Wednesday, June 22, 2011

Bannerman's Island

I just took a visit to Bannerman's Castle; an odd structure on an island with a rich history located in the Hudson River about 90 minutes north of New York City.

Since the time of the revolution there have been only five owners of Pollepel Island, now known more familiarly as Bannerman's Island.

In November 1900, gilded age businessman and arms dealer, Francis Bannerman VI purchased the island for use as a storage facility for his growing surplus business.  His dangerous munitions stockpiles, stored in New York City warehouses, were no longer welcome in the densely populated area forcing his move to a more remote location.
This location proved dangerous as well after at least two explosions occurred on the island throughout its use.  On August 1920, 200 tons of shells and powder exploded in an ancillary structure, destroying a portion of the complex and blowing out building windows across the river in the city of Newburg.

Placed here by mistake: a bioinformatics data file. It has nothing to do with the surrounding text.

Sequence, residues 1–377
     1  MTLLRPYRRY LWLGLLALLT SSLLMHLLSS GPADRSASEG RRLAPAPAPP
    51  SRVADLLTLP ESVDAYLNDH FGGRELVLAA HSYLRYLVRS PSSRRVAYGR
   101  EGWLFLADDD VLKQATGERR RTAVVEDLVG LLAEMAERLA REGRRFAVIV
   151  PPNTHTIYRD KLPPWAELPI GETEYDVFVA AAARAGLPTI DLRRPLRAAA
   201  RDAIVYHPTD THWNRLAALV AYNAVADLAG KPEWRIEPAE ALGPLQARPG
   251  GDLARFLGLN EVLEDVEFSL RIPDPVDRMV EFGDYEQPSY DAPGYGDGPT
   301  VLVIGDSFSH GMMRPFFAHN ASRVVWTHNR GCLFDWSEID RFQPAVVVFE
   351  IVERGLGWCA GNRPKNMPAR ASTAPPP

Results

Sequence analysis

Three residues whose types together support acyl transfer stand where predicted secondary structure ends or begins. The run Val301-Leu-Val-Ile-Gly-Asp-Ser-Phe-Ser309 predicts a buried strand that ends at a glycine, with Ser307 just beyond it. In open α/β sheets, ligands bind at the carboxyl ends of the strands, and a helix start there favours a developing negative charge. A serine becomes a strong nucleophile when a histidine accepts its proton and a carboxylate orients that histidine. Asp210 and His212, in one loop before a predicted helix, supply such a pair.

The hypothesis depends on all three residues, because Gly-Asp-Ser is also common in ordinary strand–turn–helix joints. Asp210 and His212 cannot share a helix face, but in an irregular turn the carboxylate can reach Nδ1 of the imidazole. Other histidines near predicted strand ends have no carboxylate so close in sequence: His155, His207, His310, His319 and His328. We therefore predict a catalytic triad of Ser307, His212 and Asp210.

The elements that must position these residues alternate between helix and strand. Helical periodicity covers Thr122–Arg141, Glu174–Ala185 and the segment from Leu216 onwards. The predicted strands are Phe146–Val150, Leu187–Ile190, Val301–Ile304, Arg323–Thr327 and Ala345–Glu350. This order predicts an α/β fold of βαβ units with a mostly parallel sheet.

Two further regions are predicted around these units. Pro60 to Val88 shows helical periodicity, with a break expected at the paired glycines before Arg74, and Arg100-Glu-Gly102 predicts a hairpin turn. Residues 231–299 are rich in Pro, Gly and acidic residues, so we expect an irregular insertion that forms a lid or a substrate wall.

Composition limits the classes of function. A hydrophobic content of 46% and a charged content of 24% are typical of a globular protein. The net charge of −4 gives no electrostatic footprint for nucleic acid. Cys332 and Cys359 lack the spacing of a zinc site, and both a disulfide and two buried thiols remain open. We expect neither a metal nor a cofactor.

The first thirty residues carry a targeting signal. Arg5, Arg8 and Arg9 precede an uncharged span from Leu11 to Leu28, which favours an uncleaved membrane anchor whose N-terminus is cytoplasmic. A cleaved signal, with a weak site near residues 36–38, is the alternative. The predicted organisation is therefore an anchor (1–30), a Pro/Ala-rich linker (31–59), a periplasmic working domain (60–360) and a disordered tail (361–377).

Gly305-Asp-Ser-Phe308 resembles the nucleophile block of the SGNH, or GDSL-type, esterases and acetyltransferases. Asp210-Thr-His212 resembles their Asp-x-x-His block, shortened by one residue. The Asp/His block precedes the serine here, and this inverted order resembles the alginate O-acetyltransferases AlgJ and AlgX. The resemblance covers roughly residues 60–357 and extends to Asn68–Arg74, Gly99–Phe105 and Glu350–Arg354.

Most of the building were devoted to the stores of army surplus but Bannerman built another castle in a smaller scale on top of the island near the main structure as a residence.
One of the only remaining turrets of the false harbor that once surrounded the island.
Bannerman's sales of military weapons to civilians declined during the early 20th century as a result of state and federal legislation. By 1950 the arsenal and island were essentially left vacant. The island and buildings were bought by New York State in 1967, after the old military merchandise had been removed, and tours of the island were given in 1968.
On August 8, 1969, fire devastated the Arsenal, and the roofs and floors were destroyed.The island was placed off-limits to the public. During the week before Sunday, December 28, 2009, parts of the castle collapsed. Officials estimate 30-40 percent of the structure's front wall and about half of the east wall collapsed.  The castle now stands as a ruin with only about half of the structure to remind us of its once glorious presence on the Island.
Today, the castle is property of the New York State Office of Parks, Recreation and Historic Preservation and is mostly in ruins.

No comments:

Post a Comment